Parliament approves ban on sale of alcohol at night
Turkish Parliament's General Assembly started to debate the controversial alcohol bill May 23. AA photoParliament's General Assembly has approved a ban on the retail sale of alcoholic drinks after 10 p.m. in new amendments to an alcohol bill on May 23.
According to the new ban proposed by ruling Justice and Development Party (AKP), retailers won't be allowed to sell alcoholic drinks between 10 p.m. and 6 a.m. The opposition parties strongly criticized the amendments, noting that such a ban should not include touristic regions. "[Alcohol] banned during night prayers, but allowed during morning prayers," a Peace and Democracy Party (BDP) deputy said about the proposition.
The head of the Planning and Budget Commission, Lütfü Elvan of the AKP, said that such restrictions were in place in many Western countries. "This approach of night prayers and morning prayers saddened me. In Sweden, [the retail sale of alcohol] is forbidden after 7 p.m. on weekdays, 3 p.m. on Saturdays and 24 hours in Sundays. There are similar restrictions in all Scandinavian countries," he said.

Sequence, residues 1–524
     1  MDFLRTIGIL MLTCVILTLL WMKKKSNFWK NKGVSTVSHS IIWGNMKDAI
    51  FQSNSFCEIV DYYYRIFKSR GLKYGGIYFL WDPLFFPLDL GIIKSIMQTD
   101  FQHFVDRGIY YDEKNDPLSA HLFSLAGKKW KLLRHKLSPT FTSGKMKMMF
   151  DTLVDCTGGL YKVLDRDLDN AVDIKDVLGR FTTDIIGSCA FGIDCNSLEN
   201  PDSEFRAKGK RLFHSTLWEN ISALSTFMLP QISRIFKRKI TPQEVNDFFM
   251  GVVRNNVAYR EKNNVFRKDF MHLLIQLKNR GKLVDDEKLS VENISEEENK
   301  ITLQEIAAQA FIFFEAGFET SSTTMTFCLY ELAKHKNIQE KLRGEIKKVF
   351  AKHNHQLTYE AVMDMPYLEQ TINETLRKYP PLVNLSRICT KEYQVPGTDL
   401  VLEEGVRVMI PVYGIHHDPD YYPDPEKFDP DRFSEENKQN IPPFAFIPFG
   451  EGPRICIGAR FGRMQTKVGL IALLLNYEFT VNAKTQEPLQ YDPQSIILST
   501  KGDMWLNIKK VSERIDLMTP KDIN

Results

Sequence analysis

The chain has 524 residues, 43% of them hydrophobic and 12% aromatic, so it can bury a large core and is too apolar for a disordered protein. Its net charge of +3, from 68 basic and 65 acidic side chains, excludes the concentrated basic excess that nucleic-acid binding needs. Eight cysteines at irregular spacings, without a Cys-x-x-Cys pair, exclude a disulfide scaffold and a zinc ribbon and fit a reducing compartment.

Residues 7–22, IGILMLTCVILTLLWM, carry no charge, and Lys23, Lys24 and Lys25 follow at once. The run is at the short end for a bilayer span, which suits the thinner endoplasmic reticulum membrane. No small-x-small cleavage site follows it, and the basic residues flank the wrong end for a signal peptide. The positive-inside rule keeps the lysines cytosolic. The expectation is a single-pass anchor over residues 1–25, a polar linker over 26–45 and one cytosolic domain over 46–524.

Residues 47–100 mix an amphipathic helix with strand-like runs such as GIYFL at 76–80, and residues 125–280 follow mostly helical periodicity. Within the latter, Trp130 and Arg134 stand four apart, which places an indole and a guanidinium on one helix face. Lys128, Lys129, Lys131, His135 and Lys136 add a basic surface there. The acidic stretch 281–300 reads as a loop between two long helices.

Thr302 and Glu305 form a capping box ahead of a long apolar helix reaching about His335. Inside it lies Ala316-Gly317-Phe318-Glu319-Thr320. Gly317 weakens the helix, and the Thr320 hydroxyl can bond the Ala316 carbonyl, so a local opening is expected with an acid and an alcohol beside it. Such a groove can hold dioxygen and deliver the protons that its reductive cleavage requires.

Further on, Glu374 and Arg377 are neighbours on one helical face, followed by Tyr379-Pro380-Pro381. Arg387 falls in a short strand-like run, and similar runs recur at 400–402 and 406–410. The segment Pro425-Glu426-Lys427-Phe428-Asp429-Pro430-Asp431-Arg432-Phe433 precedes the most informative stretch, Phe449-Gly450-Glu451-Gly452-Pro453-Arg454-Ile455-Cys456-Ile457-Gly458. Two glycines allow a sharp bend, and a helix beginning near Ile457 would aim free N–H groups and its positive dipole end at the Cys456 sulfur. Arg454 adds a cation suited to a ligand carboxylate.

The amendments also restrict the use of alcohol in TV series, movies and music videos. Images of alcohol would be blurred, the same way as cigarettes.
Bill rushed to vote
The ruling AKP had acted remarkably fast in bringing the alcohol ban to the agenda of Parliament's General Assembly, within a period of a mere two days. The Planning and Budget Commission concluded drafting the proposal at midnight on May 21 and the proposal was swiftly carried despite objections from the opposition.
Elvan had granted the opposition a reclamation period which ended at 10 a.m. on May 23.
Afterward, the AKP proposed altering the agenda to replace a draft petroleum law with the proposal to legislate the sale of alcohol.
AKP deputy parliamentary group chair Ahmet Aydın confirmed that they intended to enact the law within two days.
Such immediate action on the alcohol ban infuriated the opposition, as the main opposition Republican People's Party's (CHP) parliamentary deputy group chair Akif Hamzaçebi criticized the impetuous approach.
"There is an understanding that intervenes in the fields of private life," Hamzaçebi said.
On May 10, the AKP proposed harsher measures related to alcohol, banning all sorts of advertising and obliging producers to include information about the risks of alcohol on the packaging of every unit. Alongside this, alcohol producers will no longer be allowed to sponsor cultural festivals. If the bill is approved, education, sports and health institutions, as well as establishments next to highways, will be prevented from selling alcoholic drinks